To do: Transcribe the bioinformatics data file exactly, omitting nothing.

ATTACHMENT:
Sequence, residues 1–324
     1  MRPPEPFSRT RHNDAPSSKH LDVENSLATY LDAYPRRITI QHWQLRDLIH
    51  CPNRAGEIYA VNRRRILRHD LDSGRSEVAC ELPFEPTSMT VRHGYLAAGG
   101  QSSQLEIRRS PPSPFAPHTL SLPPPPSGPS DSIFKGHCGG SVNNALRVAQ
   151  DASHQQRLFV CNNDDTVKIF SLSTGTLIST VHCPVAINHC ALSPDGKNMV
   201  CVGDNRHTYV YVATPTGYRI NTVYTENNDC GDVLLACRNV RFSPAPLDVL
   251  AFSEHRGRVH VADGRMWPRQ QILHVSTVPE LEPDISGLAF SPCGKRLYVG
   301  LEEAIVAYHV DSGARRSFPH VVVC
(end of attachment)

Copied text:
Sequence, residues 1–324
     1  MRPPEPFSRT RHNDAPSSKH LDVENSLATY LDAYPRRITI QHWQLRDLIH
    51  CPNRAGEIYA VNRRRILRHD LDSGRSEVAC ELPFEPTSMT VRHGYLAAGG
   101  QSSQLEIRRS PPSPFAPHTL SLPPPPSGPS DSIFKGHCGG SVNNALRVAQ
   151  DASHQQRLFV CNNDDTVKIF SLSTGTLIST VHCPVAINHC ALSPDGKNMV
   201  CVGDNRHTYV YVATPTGYRI NTVYTENNDC GDVLLACRNV RFSPAPLDVL
   251  AFSEHRGRVH VADGRMWPRQ QILHVSTVPE LEPDISGLAF SPCGKRLYVG
   301  LEEAIVAYHV DSGARRSFPH VVVC